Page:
Retlaw Theater

23 South Main Street,
Fond du Lac, WI 54935

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Retlaw Theater in 2008

Viewing: Photo | Street View

The Retlaw Theater opened to the public on December 25, 1925 as a venue for vaudeville and movies. Eventually, movies became the sole form of entertainment, and by 1941 it was operated by Alliance Theater Corp. Around 1990, the Retlaw Theater was twinned. The theater closed in 1998.

The building was sold in 2000 and in 2001, it re-opened for a time as the Bravo Performing Arts Center. This was a venue showcasing various arts, including a dinner theater situated in the former lobby, a dance studio on the third floor, and live theater for children and young adults.

By early-2008, the property has been sold again and the possibility of a restoration project has been mentioned.

Contributed by Bryan

Recent comments (view all 15 comments)

Norm Lenburg
Norm Lenburg on April 27, 2008 at 11:41 am

Here’s a link to contemporary photos of the Retlaw Theater’s exterior: http://webpages.charter.net/nlenburg/retlaw/

Jason Fox
Jason Fox on April 28, 2008 at 3:01 pm

Norm, Thanks for the inforamtion on the current status of the Retlaw. Its encouraging that there is a move to restore the theatre for the community, hopefully it will come to pass.

One question for anyone who may know…does/did the Retlaw have a balcony? The Sanborn maps that I’ve seen seem to indicate that it did not.

Norm Lenburg
Norm Lenburg on April 28, 2008 at 3:41 pm

I can tell you the Retlaw NEVER had a balcony. At the time it was built, one of its claims to fame was that it was the largest single-floor theater in Wisconsin (around 1140 seats). The benefits of a single-floored auditorium were excellent sight lines and lower construction costs. The down-side was higher cost for land because the auditorium occupied more space per seat. All in all, it was a pretty house, but not very ornate along the side and back walls. The proscenium arch, faux-boxes fronting the organ chambers, and the ceiling were quite attractive. All of this ornamentation survives to this day, but I do not have any photos to show it.

Lost Memory
Lost Memory on May 3, 2008 at 3:05 pm

Here is a photo of the Fusion Restaurant.

DonLewis
DonLewis on September 22, 2010 at 8:59 pm

From the early 1900s a postcard view of the Retlaw Theatre with Fond du Lac Theatre sign visible up the street from the Retlaw.

Norm Lenburg
Norm Lenburg on October 2, 2012 at 1:51 pm

The Retlaw property is currently for sale:

http://zacommercial.com/files/Download/Retlaw%20%26%20Main%20St.%20Properties%20-%20Brochure.pdf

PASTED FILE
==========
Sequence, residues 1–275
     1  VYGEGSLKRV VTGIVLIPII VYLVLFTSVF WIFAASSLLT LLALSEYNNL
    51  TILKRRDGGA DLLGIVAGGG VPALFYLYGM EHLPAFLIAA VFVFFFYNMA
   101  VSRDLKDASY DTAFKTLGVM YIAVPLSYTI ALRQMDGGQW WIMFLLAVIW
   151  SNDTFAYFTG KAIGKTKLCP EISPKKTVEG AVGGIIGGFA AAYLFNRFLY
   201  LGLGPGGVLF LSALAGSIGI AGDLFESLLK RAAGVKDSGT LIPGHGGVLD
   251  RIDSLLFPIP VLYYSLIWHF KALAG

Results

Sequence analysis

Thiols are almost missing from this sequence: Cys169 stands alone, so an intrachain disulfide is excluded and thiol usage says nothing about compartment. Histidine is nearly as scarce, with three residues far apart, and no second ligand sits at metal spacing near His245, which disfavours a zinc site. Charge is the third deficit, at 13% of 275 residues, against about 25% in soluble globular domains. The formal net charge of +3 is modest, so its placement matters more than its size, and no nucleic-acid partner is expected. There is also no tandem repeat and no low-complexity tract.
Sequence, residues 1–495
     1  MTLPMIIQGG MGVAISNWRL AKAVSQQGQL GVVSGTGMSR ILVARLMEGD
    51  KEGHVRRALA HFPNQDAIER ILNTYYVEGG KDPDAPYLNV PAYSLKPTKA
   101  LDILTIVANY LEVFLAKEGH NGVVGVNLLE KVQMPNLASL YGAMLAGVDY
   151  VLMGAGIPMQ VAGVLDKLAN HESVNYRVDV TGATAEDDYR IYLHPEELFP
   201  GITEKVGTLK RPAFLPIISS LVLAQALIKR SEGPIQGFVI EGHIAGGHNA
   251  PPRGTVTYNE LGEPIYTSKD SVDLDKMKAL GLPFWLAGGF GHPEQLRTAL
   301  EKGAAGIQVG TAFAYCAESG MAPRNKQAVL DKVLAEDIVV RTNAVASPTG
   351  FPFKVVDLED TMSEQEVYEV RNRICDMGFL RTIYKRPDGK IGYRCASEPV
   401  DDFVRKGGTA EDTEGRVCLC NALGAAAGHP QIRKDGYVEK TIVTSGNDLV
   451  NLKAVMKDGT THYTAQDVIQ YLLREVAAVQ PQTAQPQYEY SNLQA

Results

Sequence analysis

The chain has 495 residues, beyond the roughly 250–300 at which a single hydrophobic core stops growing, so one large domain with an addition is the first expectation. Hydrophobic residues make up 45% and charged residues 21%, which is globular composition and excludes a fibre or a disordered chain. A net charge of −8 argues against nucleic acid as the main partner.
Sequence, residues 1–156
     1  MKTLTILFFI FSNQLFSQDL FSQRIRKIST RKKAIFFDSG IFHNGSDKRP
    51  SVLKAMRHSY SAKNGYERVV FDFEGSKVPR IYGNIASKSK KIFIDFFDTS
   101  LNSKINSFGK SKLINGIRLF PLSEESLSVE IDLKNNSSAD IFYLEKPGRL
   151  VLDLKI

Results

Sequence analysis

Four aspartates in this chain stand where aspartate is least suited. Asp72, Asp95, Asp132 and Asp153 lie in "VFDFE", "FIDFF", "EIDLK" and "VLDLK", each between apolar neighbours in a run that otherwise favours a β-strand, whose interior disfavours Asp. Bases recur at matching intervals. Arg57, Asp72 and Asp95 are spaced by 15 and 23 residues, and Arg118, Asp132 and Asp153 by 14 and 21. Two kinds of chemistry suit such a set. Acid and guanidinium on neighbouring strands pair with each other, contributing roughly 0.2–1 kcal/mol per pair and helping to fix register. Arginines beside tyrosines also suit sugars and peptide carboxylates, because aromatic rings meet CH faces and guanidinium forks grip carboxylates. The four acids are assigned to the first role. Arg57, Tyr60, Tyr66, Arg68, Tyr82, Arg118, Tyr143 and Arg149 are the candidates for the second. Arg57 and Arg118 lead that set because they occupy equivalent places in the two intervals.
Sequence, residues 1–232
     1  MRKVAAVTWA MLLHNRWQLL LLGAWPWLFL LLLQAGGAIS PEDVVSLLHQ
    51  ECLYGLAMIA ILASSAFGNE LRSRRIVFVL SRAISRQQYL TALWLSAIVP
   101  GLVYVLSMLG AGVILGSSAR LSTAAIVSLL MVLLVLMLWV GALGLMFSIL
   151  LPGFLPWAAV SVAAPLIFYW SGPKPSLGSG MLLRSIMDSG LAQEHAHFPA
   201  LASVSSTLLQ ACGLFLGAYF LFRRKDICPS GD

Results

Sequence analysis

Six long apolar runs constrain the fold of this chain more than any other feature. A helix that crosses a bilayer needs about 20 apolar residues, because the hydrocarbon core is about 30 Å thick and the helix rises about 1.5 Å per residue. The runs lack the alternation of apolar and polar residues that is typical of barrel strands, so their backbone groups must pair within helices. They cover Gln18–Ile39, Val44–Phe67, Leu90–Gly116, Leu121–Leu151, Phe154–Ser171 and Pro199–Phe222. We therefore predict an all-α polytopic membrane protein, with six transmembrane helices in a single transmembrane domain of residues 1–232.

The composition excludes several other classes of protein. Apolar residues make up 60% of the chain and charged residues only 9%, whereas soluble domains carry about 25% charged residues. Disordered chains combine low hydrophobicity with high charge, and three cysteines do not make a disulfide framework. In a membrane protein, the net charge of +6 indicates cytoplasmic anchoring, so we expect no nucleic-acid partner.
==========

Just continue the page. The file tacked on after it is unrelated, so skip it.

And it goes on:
LouRugani
LouRugani on November 21, 2013 at 4:30 pm

FOND DU LAC — A local developer wants to turn the historic Retlaw Theater into a boutique hotel. Commonwealth Construction Co. has a purchase option and is evaluating repurposing it into an upscale boutique hotel in the recently created Arts and Entertainment District with 34 rooms and retail space, to open in spring 2015. The Retlaw Theatre, opened in 1925 and closed in 1998, for a time served as home to a theater company and Fusion restaurant but has stood vacant for several years. It’s owned by Boyd Partnership. Commonwealth would restore the Retlaw’s primary façade on Main Street.

Norm Lenburg
Norm Lenburg on January 22, 2014 at 1:22 pm

I posted some photos of the Retlaw from the early 1960s: http://webpages.charter.net/nlenburg/retlaw/

LouRugani
LouRugani on March 10, 2014 at 6:37 pm

Commonwealth Companies' boutique-hotel plans in the Retlaw Theater have been replaced by a plan for office/ retail space and 10 apartments. Louie Lange III is president of The Commonwealth Companies. The Retlaw auditorium facing Sheboygan and Portland streets would be razed for parking. Commonwealth says it intends to renovate the Retlaw facade facing Main Street “in a way that would complement the historic nature of Main Street”.

Wempner’s School of Dance owner Ann Kelly has been opposed to demolition of the Retlaw Theater and is unsure if she would stay in the building. Her lease continues through 2016. Kelly said a group of people interested in preserving the historic theater has no imminent plans for action. Still, Kelly would like to see the theater brought to life. “Is it not worth a chance to make it work?” she said. Lange says the theatre portion of the building has “lost its viability” and questioned whether more theater space is needed in Fond du Lac. “Are there groups out there that right now don’t have theater space to operate?” he asked.

City of Fond du Lac Community Development Director Wayne Rollin said the condition of the buildings has worsened “alarmingly” over the past several years. He said the roof leaks badly, the basement floor is under water, mold is an issue and electrical, plumbing, heating and cooling systems need to be replaced, the elevator hasn’t been working since fall, and “it would cost millions to restore the theater”, Rollin said, adding “If this proposal doesn’t work out the community will face the probability of condemnation and complete demolition of the entire complex in the near future, at public expense,” in a memo to Fond du Lac City Manager Joe Moore.

Dyann Benson, the city’s redevelopment planner, said the Retlaw theater property has been for sale for about five years. No one has proposed restoring the theater during that time. “In order to really invest in restoration, you have to have a return on the investment on the back end,” she said, adding that there would continue to be operating and maintenance costs and other expenses.

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